This small community extended each school day in order to gain two hours of common planning time, which they use each Wednesday morning prior to late student arrival.
Efforts by Grass Lake Community Schools to improve their educational programs include a professional development program, COMMON PLANNING, that has brought school restructuring to the forefront in the community. This endeavor began at a districtwide inservice in October 1992. Here, a brainstorming process concluded that teachers and administrators needed more time together to accomplish long- range planning, accommodate state mandates, and achieve other common goals. A committee was formed to investigate options for common planning time for staff. Throughout the 1992-93 school year, the Scheduling Committee met and explored many possibilities, keeping the Board of Education informed throughout the process. Before taking a formal proposal to the Board of Education for adoption, the Scheduling Committee presented the final plan of action at a K-12 staff meeting. The staff had to reach consensus on the ground rules for the COMMON PLANNING program before voting on whether to submit the proposal to the Board of Education. This process took a long time, but in the end, after community forums were held a parent task force was created, the Board approved the program.
In September 1993, the pilot program of COMMON PLANNING began. The journey into school reform took a more rapid pace and elicited more comprehensive staff involvement than was expected. Dena Dardzinski, the superintendent, stated, "We have moved beyond the conventional 'school improvement' mode toward the significant restructuring of our school system." After the initiation of COMMON PLANNING, monthly updates were given to the Board and formalized reports were made in January and May 1994. In May 1994, the staff requested and the Board approved an extension of COMMON PLANNING.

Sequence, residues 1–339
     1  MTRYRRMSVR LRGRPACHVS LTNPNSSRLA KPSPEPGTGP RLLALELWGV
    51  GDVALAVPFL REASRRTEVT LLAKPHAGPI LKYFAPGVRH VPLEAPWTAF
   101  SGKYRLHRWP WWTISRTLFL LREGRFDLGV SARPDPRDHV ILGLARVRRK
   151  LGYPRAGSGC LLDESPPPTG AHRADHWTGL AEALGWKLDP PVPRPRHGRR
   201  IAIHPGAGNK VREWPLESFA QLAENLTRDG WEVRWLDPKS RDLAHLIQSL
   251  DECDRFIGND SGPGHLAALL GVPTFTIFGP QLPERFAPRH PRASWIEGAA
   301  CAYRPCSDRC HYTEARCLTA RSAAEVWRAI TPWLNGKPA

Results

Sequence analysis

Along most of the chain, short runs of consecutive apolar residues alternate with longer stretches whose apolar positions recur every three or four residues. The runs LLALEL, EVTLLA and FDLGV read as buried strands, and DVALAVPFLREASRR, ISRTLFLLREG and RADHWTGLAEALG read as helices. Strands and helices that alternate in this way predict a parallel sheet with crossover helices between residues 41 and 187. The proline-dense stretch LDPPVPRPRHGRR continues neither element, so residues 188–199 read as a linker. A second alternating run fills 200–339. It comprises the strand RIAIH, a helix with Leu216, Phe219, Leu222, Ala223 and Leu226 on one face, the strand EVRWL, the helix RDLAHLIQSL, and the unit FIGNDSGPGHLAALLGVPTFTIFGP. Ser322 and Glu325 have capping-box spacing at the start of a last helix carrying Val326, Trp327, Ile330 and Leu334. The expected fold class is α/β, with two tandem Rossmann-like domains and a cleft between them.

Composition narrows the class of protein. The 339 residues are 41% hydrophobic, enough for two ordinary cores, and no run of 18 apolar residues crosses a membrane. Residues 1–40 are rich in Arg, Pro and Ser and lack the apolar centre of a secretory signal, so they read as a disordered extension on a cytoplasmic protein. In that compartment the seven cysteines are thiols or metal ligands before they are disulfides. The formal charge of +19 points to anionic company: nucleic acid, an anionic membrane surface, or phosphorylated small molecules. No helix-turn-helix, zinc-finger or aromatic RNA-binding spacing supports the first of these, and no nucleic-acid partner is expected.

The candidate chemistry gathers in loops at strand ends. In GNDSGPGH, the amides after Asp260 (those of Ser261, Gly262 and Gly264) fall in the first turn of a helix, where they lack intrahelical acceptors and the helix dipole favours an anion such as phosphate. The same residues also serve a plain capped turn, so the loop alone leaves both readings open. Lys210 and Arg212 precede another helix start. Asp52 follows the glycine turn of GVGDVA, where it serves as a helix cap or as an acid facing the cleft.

Underlying the program is the belief that modernizing teaching methods and fully coordinating the educational program require that the full faculty be brought together on a regular and consistent basis for study and planning. A portion of each week is devoted to planning and improvement - the "quality team" approach to making the business of education even more effective for the children. The program enables the full faculty to meet each Wednesday morning to work on curriculum coordination and more modern teaching methods.
The process involves a strict set of guidelines and ground rules, developed by the staff, that govern how the time may be used. The teachers arrive at work at 7:40 a.m. on Wednesdays and meet for two hours - sometimes as full faculty, but often in grade-level or departmental teams. The work is fully coordinated and planned. For instance, the work is planned and coordinated weekly to ensure the attendance of all key people at grade-level, departmental, and curricular meetings. A planning committee of six teachers and two administrators coordinates the schedule of meetings and activities. A regular schedule is developed so that everyone knows when each meeting will be held every month. Therefore, the meetings follow a "routine" or pattern. Groups working on a special project can request additional time from the planning committee. An agenda is used for each meeting and members are expected to stick to it. Minutes are recorded for each meeting on a "Committee Minutes" form and compiled in an activity log. Every staff member must participate on at least one committee, attendance is required at grade-level and/or departmental meetings, and timeliness is required for all meetings. The COMMON PLANNING sessions also have a standardized evaluation form.